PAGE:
The expedition was sponsored by two mining companies hoping to excavate the area for bauxite, the raw material used to make aluminum, and it was unknown how the findings would affect their plans.
Scientists discovered the species during a 2005 expedition led by the U.S.-based nonprofit Conservation International in rainforests and swamps about 80 miles southeast of Paramaribo, the capital of the South American country, organization spokesman Tom Cohen said.
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Among the species found were the atelopus frog, which has distinctive purple markings; six types of fish; 12 dung beetles, and one ant species, he said.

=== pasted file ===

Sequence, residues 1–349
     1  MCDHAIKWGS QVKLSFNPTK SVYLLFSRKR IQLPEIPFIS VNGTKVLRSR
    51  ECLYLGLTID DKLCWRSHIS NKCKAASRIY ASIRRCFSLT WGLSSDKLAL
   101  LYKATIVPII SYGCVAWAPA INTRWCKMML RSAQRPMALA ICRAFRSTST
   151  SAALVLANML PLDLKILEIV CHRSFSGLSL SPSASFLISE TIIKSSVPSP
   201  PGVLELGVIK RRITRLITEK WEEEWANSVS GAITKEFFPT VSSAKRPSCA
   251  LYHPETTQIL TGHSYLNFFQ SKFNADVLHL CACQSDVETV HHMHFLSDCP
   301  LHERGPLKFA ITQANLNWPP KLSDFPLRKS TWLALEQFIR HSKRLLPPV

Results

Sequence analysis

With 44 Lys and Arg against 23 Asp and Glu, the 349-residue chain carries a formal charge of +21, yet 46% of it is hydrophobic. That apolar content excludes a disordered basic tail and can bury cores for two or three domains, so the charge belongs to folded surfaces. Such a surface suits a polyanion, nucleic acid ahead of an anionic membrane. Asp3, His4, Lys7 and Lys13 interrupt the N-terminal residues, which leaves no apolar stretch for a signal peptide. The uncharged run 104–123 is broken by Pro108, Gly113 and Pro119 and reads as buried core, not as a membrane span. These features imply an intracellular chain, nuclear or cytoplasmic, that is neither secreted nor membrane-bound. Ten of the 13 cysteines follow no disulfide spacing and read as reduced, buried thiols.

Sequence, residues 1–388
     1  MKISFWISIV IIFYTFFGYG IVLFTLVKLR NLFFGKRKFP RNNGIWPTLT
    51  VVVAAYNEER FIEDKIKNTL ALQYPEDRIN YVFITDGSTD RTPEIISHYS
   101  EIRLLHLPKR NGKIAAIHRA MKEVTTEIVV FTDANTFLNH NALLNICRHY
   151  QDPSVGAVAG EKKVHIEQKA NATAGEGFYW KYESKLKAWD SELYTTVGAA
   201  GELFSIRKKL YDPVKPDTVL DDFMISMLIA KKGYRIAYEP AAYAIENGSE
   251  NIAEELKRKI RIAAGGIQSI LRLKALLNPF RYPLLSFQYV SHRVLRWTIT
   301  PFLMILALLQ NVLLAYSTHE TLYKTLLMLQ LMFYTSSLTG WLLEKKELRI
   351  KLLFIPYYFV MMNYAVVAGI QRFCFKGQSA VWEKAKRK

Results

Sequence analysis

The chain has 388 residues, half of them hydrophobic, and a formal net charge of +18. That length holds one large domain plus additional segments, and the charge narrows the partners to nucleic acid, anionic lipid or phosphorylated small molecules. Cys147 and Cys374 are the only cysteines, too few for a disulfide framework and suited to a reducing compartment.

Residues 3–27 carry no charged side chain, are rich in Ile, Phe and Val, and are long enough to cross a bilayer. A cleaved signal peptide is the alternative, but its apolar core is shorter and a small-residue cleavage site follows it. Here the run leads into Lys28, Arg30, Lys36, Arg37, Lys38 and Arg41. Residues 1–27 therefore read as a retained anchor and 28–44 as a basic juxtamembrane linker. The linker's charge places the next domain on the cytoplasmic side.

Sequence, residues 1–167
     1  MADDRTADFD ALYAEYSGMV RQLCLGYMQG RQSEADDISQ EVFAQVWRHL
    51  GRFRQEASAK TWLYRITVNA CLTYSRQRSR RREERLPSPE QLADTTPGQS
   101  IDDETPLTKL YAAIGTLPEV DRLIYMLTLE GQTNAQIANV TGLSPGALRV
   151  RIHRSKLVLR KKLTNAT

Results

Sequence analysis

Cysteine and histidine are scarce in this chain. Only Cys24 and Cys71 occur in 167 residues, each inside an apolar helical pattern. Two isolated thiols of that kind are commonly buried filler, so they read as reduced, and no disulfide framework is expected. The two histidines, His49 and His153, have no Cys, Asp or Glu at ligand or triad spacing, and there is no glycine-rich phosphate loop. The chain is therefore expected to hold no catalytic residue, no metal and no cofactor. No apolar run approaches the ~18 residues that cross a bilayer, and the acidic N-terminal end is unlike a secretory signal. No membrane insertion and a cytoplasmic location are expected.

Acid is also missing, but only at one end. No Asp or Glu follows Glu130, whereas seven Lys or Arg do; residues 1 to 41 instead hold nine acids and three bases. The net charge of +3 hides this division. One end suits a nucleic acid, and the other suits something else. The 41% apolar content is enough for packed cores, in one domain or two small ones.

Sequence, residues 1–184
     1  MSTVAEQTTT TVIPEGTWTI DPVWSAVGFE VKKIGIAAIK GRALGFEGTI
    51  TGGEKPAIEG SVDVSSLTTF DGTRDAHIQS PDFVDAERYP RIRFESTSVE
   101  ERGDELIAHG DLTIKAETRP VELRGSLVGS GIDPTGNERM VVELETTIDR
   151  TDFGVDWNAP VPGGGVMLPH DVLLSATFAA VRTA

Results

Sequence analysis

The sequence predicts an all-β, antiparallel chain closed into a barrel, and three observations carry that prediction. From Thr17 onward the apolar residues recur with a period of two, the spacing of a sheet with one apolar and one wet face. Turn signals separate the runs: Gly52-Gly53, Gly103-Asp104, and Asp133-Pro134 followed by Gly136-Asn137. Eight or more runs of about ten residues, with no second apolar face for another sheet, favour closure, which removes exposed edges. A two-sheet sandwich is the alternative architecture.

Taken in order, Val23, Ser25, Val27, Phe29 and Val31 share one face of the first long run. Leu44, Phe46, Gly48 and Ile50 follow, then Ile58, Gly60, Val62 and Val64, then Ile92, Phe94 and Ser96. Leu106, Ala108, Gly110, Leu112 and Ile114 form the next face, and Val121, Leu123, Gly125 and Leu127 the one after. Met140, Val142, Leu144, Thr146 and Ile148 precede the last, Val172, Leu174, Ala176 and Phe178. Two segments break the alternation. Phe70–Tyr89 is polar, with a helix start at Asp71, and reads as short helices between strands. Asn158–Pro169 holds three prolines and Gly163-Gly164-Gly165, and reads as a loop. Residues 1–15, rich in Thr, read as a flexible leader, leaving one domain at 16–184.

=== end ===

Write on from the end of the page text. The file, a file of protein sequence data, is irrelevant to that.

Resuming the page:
The scientists called for better conservation management in the unprotected, state-owned areas, where hunting and small-scale illegal mining is common.
The study was financed by Suriname Aluminum Company LLC and BHP Billiton Maatschappij Suriname.
Suriname Aluminum, which has a government concession to explore gold in the area, will include the data in its environmental assessment study, said Haydi Berrenstein, a Conservation International official in Suriname, which borders Brazil, Guyana and French Guiana.
About 80 percent of Suriname is covered with dense rainforest. Thousands of Brazilians and Surinamese are believed to work in illegal gold mining, creating mercury pollution that has threatened the health of Amerindians and Maroons in Suriname's interior.